Review by Justin Goodman
BFFs is perhaps not a one-of-a-kind Romantic Comedy, but it would deserve at least special mention on most lists. For certain, regular viewers of queer romcoms won’t find anything particularly powerful about it, but with its light infusion of slapstick coupled to a steady and authentic exploration of sexual fluidity, it’s still decades ahead of many of the tragically duplicable creations in the genre (I’m looking at you Friends With Benefits and No Strings Attached). This is partially the chemistry between the cast members, which gives many of the scenes a liveliness the camera often fails to provide, but it’s equal parts the writing of Andrea Grano and Tara Karsian, who play lead roles Samantha and Kat respectively, that keeps steady even when its boat is rocking wildly. Rock it does.
On her birthday, Kat’s mother buys her a trip to a couple’s therapy camp. The explicit suggestion is for Kat to take her boyfriend—who we learn later is now, in fact, her ex—so Samantha, her friend of 10 years, decides they should go together as a couple. Placate the mother, have a good weekend, and maybe a good laugh. This opening is treated like a weak set up to a great punch line: It’s sloppy, unexplained, and unimportant except to establish the joke. A brother-in-law(?) whose character revolves around wealth, masculinity, and privilege opens the film talking to Kat about his stallion impregnating his neighbor’s mare. The neighbor, obviously, complains. His defense of the behavior circles around the idea that you have to treat horses “like retarded children.” While thematically tangential, it fails to convey the style of humor actual to BFFs.
Once Samantha and Kat arrive at the villa—Sam portraying Kat to the counselors as mildly neurotic, Kat portraying Sam to the counselors as a nymphomaniac—the conversations, confrontations, and comedy tend to circle around validating the experience of group counseling instead of crassly mocking wealthy dudes. J.K. (Sean Maher) and Jonah (Russell Sams), a gay couple with hopes of adopting, at one point struggle with a trust exercise. Instead of focusing on the oddity of placing an egg on a traffic cone blindfolded, the scene turns into the couple acting out their fears and frustrations on each other (because forcing people to be dependent invites distrust). One of the counselors, Bob (Patrick O’Connor), suggests they cluck like chickens to express their feelings. Half of the joke is the couple’s reaction; half of the joke is they eventually resolve their conflict by clucking apologetically.
Which is to say that BFFs doesn’t portray itself as laugh out loud comedy. The romantic threats are real as loss reveals itself again and again, even at the beginning when, during the second activity of the getaway, one of the couples leaves with irreconcilable differences. This is when the group shares their first heartbreaks, during which Sam explains that her first boyfriend (at 15) broke up with her at an ACDC concert and that she can never listen to ACDC again. Kat then reveals that her father used to sing “Leaving on a Jet Plane” before they went to bed, and one night he didn’t come back. He’d left her family to start a new one. The touch of levity the comedy provides is simple and, appropriately, inadequate to compensate the loss: “If ACDC ever decides to cover ‘Leaving on a Jet Plane, we’re screwed,” Kat says.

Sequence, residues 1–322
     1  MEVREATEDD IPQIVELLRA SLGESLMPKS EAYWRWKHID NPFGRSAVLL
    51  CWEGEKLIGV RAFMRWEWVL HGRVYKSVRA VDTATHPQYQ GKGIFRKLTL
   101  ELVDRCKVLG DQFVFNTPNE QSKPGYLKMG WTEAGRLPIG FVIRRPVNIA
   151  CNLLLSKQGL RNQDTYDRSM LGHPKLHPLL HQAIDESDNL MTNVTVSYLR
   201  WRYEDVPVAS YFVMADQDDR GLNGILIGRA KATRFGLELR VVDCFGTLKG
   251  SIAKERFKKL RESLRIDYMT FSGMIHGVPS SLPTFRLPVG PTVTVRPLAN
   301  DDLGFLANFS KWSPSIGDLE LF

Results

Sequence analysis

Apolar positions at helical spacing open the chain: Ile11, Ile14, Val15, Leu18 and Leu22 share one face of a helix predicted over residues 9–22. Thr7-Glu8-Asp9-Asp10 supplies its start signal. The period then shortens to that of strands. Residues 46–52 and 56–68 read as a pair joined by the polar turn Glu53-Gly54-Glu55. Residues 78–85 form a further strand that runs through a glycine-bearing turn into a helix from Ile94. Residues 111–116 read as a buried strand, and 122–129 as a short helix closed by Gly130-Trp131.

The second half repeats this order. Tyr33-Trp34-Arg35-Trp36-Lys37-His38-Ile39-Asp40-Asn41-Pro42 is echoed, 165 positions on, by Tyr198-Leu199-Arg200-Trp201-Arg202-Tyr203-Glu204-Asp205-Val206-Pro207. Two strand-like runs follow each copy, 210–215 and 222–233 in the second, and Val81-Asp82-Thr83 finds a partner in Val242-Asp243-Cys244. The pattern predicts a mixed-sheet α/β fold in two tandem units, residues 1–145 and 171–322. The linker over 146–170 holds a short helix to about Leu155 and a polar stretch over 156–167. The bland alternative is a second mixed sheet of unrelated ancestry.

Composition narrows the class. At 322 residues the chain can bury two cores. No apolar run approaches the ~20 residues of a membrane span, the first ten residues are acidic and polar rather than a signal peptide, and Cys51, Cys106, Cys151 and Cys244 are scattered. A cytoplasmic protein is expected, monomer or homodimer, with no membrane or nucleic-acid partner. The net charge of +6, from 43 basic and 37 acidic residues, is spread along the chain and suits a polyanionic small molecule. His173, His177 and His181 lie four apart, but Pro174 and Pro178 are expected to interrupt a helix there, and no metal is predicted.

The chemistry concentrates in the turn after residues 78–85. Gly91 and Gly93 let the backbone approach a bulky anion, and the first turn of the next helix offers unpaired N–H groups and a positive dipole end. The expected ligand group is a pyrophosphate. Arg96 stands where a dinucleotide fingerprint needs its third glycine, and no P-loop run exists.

And while I share the same complaint about Kat’s father problems as I do her mother troubles, what never vanishes from sight is most important. Sam and Kat gradually grow to soften to one another (not that they weren’t friends, but there was a discernable reluctance towards one another). During a sexuality exercise, each couple must pose in a manner that seems most fitting, According to the other counselor, Jacqueline (Sigrid Thornton), the pose can represent the foundation of the relationship: “Trust, Lust, or Conflict.” All three are authentic approaches to love. Kat, however, has Sam in a bear hug from behind which lacks any semblance to any of the three. Jacqueline, parting them, has them hug and stare into each other’s eyes. On January 9th of 2015, the NYTimes posted an article titled, “To Fall In Love With Anyone, Do This.” “This” is staring into each other’s eyes and familiarizing yourself with the other. This is no less true for Sam and Kat.
You can tell, by the last half hour, that the movie becomes intense by how the comedy becomes increasingly silly. It’s around this time that the oldest couple, still sexually ripe, is seen running across the lawn barely clad in bath towels, to the dismay of the couples seeing it. Yet the zaniness doesn’t offset what has become a transition into emotional turmoil that had, whether known or not, been building beneath rumbles of that old man talking about “orgasms so deep I cried.” Which, oddly, is the perfect image to represent BFFs. It’s expected, thrilling, enjoyable for what it is, and yet there are also the tears that come from any sincere experience. What it may lose in hindsight it retains in consideration, and the greatest part is not it happening at all, but that it’s a true expression of a true love.
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